Entete 3

How can we make the measurement of multimorbidity more comparable and reproducible?


By Iris Ho and Bruce Guthrie on behalf of all authors

Measuring multimorbidity is complex. We have recently published papers from a Health Data Research UK funded study which report a systematic review of how multimorbidity is measured in the literature, and an international Delphi study seeking to identify consensus on how multimorbidity should be measured.

The systematic review examined how 566 studies defined and measured multimorbidity, finding very large variation. One in eight studies did not report which conditions were included in their multimorbidity measure. Where reported, then the number of conditions included varied from two to 285 (median 17, IQR 11-23). Most studies included at least one cardiovascular condition (98%), metabolic condition (97%), respiratory condition (93%), or musculoskeletal condition (88%). Only 78% included any mental health condition, and many other body systems were infrequently included (eg haematological conditions 24%). Only eight individual conditions (all of them physical conditions) were included by more than half of studies (diabetes, stroke, cancer, chronic obstructive pulmonary disease, hypertension, coronary heart disease, chronic kidney disease, and heart failure). (Ho et al https://www.thelancet.com/journals/lanpub/article/PIIS2468-2667(21)00107-9/fulltext).

We concluded that there was an urgent need for more consistency in the field, and therefore carried out a three round Delphi consensus study with 150 professionals and 25 public panel members in round 1. Highlights of the results were that there was consensus that multimorbidity should be defined as two or more conditions. Although ‘complex multimorbidity’ (eg 3+ conditions, or 3+ conditions from 3+ body systems) was perceived as potentially useful, there was no consensus on how to define it, highlighting the need for more research into alternative definitions. Simple counts of conditions were preferred for estimating prevalence and examining clusters or trajectories, and weighted measures were preferred for risk adjustment and outcome prediction. Reflecting the variability in the systematic review, there was consensus that studies needed to be more consistent in their reporting (figure and table below are reproduced from the paper under the CC-BY licence).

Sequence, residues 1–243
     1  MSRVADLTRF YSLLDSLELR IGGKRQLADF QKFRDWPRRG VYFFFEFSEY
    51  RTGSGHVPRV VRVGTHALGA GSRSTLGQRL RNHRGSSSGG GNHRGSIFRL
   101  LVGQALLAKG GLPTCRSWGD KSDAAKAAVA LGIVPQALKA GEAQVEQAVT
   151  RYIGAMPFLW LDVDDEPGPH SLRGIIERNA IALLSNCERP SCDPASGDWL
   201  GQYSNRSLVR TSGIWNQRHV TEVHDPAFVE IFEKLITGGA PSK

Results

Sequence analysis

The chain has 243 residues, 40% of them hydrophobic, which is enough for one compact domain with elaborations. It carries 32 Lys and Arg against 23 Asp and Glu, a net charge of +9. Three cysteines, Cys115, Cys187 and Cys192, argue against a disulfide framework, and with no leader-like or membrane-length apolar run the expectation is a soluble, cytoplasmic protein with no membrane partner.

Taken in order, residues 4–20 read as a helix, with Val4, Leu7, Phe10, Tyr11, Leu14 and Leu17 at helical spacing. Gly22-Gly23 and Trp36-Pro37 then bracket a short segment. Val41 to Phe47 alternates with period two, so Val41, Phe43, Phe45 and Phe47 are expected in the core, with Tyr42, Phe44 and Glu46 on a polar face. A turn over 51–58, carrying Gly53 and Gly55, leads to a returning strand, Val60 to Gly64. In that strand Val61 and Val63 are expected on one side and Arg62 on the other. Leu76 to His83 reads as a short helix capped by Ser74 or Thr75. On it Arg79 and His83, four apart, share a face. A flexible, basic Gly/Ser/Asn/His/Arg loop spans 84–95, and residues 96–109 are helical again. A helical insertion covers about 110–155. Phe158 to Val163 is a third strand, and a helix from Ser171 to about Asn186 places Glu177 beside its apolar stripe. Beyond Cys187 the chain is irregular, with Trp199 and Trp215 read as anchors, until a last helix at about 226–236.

Finally, there was consensus for 24 conditions that should “always” be included in multimorbidity measurement and 35 that should be “usually included (unless a good reason not to in a particular context)”. We recognise that choices should reflect context and local condition prevalence so the combined ‘always or usually include’ list can be seen as a core set of conditions with scope for local adaptation (Ho et al https://bmjmedicine.bmj.com/content/1/1/e000247).

Further research and consensus is needed to define codelists or other diagnostic criteria for the listed conditions, to examine the relative value of unweighted vs weighted measures, and to understand the additional value (if any) of different definitions of complex multimorbidity.

Like all consensus recommendations, we expect that many researchers will find at least a few items that they disagree with. BG for example finds the non-inclusion of depression in the ‘always include’ list perplexing (albeit it only just failed to reach the pre-specified 70% consensus level for inclusion, but easily reached consensus for ‘usually include’). However, unless there are pressing and explicitly justified reasons to vary from the consensus, we think it would ideal for researchers in this field to align where feasible. We hope that these studies will be interesting and useful to the research community, and welcome any feedback.

Leave a Reply

Your email address will not be published. Required fields are marked *